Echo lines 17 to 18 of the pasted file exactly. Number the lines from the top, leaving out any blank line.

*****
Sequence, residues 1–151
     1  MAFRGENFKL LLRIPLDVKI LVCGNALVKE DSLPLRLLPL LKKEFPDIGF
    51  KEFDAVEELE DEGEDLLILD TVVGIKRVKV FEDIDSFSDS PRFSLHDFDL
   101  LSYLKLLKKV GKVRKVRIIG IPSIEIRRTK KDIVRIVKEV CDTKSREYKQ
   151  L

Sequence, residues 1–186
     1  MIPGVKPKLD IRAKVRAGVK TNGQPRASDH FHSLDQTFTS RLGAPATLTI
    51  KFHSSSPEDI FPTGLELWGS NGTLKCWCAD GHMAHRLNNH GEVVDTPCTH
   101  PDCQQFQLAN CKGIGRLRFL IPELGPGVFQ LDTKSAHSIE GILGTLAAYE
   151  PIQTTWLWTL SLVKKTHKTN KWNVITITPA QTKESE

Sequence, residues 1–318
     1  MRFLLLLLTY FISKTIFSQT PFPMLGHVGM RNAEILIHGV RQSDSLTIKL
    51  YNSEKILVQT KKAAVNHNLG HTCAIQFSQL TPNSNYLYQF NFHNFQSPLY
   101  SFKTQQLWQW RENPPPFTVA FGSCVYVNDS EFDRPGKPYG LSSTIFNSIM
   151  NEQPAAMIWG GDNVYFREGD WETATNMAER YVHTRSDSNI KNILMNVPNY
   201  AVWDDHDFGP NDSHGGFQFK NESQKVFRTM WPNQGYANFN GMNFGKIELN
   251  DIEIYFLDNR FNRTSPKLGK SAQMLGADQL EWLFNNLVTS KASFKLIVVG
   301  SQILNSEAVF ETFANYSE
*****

   251  DIEIYFLDNR FNRTSPKLGK SAQMLGADQL EWLFNNLVTS KASFKLIVVG
   301  SQILNSEAVF ETFANYSE